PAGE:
'Our focus is to cut the risk of them becoming victims again'
NEW figures reveal police are called to reports of domestic violence in the region an average of four times every day.
A total of 658 crimes were committed in Stoke-on-Trent, Newcastle and the Staffordshire Moorlands between April and October this year, up from 606 for the same period last year.
"But the real figure for the number of victims is believed to be a lot higher, with many too scared to report abuse.
The shocking list of crimes includes rape, death threats and kidnap, as well as assault and criminal damage.
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Now Staffordshire Police have launched a new scheme with Arch North Staffordshire to help victims. Officials from the charity now automatically visit victims who call police.
Superintendent Laurie Whitby-Smith, from Stoke-on-Trent Division, said Arch was a key partner on joint visits to homes. He added: "These can be after an incident, but we are also very proactive in trying to pre-empt where we think violence might be occurring.
"Victims have a different relationship with charitable organisations than the police.
"We also have an excellent relationship with independent domestic violence advisers employed by the local authority. Their focus is supporting victims through the criminal justice process."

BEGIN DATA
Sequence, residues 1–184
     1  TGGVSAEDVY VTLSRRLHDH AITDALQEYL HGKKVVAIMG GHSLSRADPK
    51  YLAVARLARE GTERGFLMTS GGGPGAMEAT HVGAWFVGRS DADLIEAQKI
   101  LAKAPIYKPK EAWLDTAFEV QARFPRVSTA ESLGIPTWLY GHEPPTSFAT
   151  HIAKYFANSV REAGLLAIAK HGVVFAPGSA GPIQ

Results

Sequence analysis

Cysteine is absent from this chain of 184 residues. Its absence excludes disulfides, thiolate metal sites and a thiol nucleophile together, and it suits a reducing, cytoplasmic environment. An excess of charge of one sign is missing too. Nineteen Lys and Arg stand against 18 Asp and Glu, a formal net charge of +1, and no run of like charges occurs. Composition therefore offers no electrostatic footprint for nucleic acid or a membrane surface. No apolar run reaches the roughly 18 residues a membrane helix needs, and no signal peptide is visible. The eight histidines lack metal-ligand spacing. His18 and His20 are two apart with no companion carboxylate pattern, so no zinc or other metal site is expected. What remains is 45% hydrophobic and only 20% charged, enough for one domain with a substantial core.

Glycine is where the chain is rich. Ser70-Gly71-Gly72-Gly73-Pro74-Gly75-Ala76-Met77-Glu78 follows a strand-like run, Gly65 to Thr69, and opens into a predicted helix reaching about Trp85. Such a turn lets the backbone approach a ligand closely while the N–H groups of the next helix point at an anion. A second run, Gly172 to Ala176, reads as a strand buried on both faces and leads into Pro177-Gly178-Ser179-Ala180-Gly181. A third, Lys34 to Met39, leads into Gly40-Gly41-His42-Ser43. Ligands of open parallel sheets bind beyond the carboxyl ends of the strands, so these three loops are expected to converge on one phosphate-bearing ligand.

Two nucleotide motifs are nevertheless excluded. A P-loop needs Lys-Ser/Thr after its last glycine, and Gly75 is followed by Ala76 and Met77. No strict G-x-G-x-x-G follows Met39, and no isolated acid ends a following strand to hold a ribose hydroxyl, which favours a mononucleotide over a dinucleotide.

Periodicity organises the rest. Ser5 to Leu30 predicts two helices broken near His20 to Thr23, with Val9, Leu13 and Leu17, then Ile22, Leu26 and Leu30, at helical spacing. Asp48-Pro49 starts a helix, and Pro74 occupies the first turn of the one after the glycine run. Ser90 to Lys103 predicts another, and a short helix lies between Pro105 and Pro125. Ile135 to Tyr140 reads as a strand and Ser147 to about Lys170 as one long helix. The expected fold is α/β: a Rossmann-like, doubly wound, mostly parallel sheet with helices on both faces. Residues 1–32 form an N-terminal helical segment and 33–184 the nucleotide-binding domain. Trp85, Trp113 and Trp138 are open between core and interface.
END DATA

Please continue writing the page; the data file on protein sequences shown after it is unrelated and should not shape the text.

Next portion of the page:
Mr Whitby-Smith said domestic abuse was a complex issue.
"We do have instances where victims do not want to pursue a criminal prosecution," he said.
"A key issue for us is identifying where children might be suffering.
"We want people to be confident in reporting abuse to us, but it can be very difficult because of relationships and children, and it can be difficult for the police to get that confidence from victims.
"We take domestic violence very seriously and it is a priority."
The figures show domestic violence in Stoke-on-Trent has risen to 471 incidents between April and October, up from 420 for the same six months last year.
Crime in the home in the Staffordshire Moorlands is also on the increase with 73 incidents reported to police between April and October this year, compared to 57 for 2011.
But in Newcastle, domestic violence saw a slight drop with 114 crimes reported in the six months to October this year, 15 fewer than for the same period the year before.
Mr Whitby-Smith added: "The fact there has been a slight increase is not a concern, because it's about people being more confident about reporting abuse. Our focus is very much around the identification of repeat domestic abuse victims, and reducing the possibility of them being victims."
Arch opened the Sunrise Centre to help domestic violence victims in Stoke-on-Trent in October. Seventy women have been referred to the centre, which is officially launched in the New Year.
Arch director Paul Bridges said it was difficult to pinpoint why there had been a rise in domestic violence.
He added: "There are links to the economic climate and the fact that more women, and indeed men, are coming forward to report incidents. A lot more research needs to be done."